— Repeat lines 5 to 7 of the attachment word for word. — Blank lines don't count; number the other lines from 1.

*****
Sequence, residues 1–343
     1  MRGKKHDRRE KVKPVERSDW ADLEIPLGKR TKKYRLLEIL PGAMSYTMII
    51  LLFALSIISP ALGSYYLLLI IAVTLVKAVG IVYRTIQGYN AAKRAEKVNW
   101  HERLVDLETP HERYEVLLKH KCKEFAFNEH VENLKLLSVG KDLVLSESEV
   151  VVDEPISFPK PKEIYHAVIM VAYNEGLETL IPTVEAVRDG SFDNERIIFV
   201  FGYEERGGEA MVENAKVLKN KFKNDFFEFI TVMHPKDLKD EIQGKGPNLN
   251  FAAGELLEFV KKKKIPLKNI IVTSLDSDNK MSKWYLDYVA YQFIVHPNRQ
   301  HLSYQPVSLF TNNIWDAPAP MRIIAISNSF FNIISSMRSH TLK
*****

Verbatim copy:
   151  VVDEPISFPK PKEIYHAVIM VAYNEGLETL IPTVEAVRDG SFDNERIIFV
   201  FGYEERGGEA MVENAKVLKN KFKNDFFEFI TVMHPKDLKD EIQGKGPNLN
   251  FAAGELLEFV KKKKIPLKNI IVTSLDSDNK MSKWYLDYVA YQFIVHPNRQ